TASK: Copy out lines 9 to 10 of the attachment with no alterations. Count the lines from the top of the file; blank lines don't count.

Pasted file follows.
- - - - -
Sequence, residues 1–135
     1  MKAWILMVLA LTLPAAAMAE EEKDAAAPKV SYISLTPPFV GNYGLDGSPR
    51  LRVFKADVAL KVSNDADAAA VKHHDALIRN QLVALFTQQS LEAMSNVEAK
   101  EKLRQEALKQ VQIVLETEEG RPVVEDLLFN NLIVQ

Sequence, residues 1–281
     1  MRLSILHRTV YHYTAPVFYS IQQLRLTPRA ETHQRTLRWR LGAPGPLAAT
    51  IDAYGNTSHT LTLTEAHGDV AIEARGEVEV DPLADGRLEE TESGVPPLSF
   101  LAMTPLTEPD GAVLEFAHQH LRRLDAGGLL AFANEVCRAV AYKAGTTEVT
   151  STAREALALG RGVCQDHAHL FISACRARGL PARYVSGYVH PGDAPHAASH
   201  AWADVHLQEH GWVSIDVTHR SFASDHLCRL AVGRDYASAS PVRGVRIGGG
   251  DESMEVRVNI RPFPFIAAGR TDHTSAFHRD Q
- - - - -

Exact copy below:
   151  STAREALALG RGVCQDHAHL FISACRARGL PARYVSGYVH PGDAPHAASH
   201  AWADVHLQEH GWVSIDVTHR SFASDHLCRL AVGRDYASAS PVRGVRIGGG